Reports that delegates to the World Summit on the Information Society conference in Geneva were unwittingly wearing RFID tags which could have tracked their movements, attendance at meetings or seminars, visits to the john etc etc has raised some debate about RFID (Radio Frequency ID), privacy, security and the rights of the individual to know what the tag around their neck actually tells people about them.

My posting, which didn’t actually make any specific comment about the news, prompted this from Mike Rowehl of Bitsplitter who says, among other things, that “sure, there are plenty of issues to be worked through with RFID, but it’s hardly the boogeyman that everyone makes it out to be. A cell phone can just as easily (and in the future, more easily most likely) be used to determine a users location”.

Actually, Mike, I’m not sure that’s right. Cellphones work in large areas, and can narrow the location of a phone (and its user) down to quite a small area, but RFID works in small, enclosed areas. As one of the delegates, Olivier Piou of Axalto told the conference last Friday:

Wireless technologies also present a similar threat to privacy: while it is relatively easy to turn off a cellular phone (because all of them have an ON/OFF button!), radio-frequency identification systems – also known as RFID or contactless systems – are activated from a distance. It becomes so very easy to install a reading antenna, in the subway or in any place like in this conference room, to detect who is there without awareness and consent.

Numerous books and movies have predicted that our civil society would not be wise enough to protect its basic universal human rights in this digital age. However, the more we have powerful tools available to us, the more we have the duty to use them for the best of humanity. This is why I wanted to raise your awareness today.

This is why also, we at Axalto believe that it is essential that digital identity be designed to ensure trust and confidence in modern digital systems, and that it be combined with conventional physical identity into a secure portable object that citizens can voluntarily present to be identified, to authorities in the physical world and to on-line services in the virtual world.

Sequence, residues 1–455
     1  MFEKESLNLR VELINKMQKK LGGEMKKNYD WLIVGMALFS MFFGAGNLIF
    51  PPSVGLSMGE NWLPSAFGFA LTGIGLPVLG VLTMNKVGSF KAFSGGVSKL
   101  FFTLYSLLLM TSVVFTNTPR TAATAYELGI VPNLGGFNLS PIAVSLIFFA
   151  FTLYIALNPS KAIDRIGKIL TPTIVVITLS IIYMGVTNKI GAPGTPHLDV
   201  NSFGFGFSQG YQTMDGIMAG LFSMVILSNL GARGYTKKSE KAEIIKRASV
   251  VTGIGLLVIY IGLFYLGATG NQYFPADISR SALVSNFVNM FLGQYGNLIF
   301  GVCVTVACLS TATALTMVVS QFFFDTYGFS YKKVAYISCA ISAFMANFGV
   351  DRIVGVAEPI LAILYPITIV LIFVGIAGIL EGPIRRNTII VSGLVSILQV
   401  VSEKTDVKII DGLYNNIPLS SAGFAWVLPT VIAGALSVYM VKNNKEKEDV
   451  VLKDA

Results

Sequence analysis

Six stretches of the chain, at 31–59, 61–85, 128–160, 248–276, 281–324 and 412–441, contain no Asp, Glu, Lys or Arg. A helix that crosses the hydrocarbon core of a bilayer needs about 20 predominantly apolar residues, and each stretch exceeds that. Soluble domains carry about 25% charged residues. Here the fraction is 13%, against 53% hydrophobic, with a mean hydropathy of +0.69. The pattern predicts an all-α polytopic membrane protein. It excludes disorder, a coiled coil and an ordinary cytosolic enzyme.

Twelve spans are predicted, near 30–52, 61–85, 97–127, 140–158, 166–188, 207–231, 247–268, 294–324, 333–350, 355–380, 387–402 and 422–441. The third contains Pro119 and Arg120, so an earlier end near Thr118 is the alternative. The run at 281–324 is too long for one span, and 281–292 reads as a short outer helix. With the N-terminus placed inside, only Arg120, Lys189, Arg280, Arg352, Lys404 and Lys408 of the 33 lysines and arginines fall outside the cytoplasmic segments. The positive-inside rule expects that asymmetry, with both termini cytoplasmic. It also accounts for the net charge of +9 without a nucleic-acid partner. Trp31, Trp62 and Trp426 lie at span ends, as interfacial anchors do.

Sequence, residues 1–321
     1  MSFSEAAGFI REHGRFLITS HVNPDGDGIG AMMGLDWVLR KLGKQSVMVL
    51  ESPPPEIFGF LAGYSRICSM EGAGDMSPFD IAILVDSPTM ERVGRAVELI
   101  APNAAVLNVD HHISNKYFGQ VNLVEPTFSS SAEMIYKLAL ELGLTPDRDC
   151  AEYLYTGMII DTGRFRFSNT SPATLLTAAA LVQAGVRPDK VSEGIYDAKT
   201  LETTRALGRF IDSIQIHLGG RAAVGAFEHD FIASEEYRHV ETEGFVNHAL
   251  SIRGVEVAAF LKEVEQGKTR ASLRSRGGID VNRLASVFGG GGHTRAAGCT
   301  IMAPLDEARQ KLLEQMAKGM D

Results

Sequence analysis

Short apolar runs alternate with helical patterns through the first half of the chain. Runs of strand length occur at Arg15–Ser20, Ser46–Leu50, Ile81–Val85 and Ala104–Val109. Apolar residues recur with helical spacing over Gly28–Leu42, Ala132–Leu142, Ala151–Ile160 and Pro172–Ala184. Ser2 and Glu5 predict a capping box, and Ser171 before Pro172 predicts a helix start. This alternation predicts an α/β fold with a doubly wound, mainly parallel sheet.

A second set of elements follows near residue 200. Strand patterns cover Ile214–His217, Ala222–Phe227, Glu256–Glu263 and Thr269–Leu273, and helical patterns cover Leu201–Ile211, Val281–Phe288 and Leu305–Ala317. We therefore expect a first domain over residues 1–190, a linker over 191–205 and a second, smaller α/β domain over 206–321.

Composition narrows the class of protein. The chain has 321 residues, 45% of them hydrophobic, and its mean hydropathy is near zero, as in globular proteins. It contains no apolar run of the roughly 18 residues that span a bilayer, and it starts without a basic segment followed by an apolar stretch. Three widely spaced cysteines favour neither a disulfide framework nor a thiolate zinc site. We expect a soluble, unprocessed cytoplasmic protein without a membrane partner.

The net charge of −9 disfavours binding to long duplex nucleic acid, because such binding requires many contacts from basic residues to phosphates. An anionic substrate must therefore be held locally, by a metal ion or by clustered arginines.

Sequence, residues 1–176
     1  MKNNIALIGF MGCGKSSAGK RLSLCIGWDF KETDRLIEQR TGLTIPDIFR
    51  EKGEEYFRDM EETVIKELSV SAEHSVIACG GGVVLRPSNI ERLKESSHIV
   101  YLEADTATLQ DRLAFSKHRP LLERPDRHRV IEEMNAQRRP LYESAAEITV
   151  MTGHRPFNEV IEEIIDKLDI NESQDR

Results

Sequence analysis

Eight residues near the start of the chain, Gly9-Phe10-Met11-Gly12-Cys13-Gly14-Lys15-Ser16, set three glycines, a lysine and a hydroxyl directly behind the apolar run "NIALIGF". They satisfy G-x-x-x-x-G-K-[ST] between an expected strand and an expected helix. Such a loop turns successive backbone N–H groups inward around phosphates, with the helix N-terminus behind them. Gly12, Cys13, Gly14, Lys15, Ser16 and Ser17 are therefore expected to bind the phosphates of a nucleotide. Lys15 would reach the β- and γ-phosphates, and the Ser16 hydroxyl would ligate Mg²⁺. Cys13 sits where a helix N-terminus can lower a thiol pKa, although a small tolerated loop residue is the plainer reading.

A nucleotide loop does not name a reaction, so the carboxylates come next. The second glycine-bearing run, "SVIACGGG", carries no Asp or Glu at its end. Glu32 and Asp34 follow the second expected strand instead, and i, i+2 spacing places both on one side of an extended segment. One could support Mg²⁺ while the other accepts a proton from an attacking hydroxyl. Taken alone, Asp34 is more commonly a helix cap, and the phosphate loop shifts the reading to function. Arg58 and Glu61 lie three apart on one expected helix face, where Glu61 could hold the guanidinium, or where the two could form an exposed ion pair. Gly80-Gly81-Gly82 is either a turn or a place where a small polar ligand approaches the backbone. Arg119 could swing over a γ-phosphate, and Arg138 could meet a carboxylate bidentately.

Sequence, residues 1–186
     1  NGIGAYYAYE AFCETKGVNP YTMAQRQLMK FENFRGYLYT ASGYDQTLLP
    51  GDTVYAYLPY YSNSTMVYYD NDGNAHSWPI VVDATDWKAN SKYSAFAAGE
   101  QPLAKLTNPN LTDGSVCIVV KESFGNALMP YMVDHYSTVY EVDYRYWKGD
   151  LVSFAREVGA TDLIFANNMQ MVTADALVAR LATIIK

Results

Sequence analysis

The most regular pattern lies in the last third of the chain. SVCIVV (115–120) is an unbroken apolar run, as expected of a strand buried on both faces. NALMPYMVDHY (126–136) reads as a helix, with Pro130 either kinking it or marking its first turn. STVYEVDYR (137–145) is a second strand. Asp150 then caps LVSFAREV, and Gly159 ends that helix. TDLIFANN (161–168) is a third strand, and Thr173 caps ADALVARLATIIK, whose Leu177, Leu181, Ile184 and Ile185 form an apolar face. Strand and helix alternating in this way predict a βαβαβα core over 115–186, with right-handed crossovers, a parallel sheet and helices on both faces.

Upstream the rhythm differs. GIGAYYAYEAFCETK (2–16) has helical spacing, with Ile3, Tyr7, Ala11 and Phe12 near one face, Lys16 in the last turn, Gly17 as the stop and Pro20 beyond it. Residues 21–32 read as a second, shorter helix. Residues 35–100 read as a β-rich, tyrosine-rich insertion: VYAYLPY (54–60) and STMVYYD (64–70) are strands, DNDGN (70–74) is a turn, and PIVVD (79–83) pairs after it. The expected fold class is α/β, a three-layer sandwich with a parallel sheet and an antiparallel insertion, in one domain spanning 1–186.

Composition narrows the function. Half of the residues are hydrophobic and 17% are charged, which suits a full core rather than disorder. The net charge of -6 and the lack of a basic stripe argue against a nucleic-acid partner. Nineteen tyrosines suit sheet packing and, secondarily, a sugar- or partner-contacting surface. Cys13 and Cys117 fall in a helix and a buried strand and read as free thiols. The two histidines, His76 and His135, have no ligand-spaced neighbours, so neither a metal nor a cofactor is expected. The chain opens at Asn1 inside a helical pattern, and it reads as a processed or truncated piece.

That this comes from an industry insider — Axalto is the new name of Schlumberger unit SmartCards, of which Olivier Piou has been president since 1998; he has been in the smart card business since 1994. (Smart cards are microprocessor cards used mainly for ID) — should give some weight to concerns raised by the use of RFID at the summit. That the summit itself, supposedly concerning itself with the information society, should not be more aware of a) the privacy aspects of its tags and b) unable to answer questions raised by privacy advocates, does not inspire confidence.

While I don’t agree with the more outlandish claims that RFID is a new kind of big brother, there’s little doubt in my mind that it’s a technology which needs some serious attention before it can be deployed in public.

Column: the paper mountain

Loose Wire — Conquer That Paper Mountain: It’s time to get organized; Here’s some software to help you scan and locate photos and documents; But perhaps you shouldn’t ditch the filing cabinet just yet

By Jeremy Wagstaff
 
from the 29 May 2003 edition of the Far Eastern Economic Review, (c) 2003, Dow Jones & Company, Inc.
I’m a little suspicious of programs that, adorned with images of bits of paper and photos disappearing into a smiling computer monitor, promise to give order to the junk that is my life. The paperless office never happened — we still make printouts because it’s so easy — and while everyone seems to be photographing digitally these days, that doesn’t sort out our cupboards full of snaps. And even if this stuff does find its way onto your computer, chances are it’s all over the place, in subfolders with obscure names. A sort of digital chaos, really.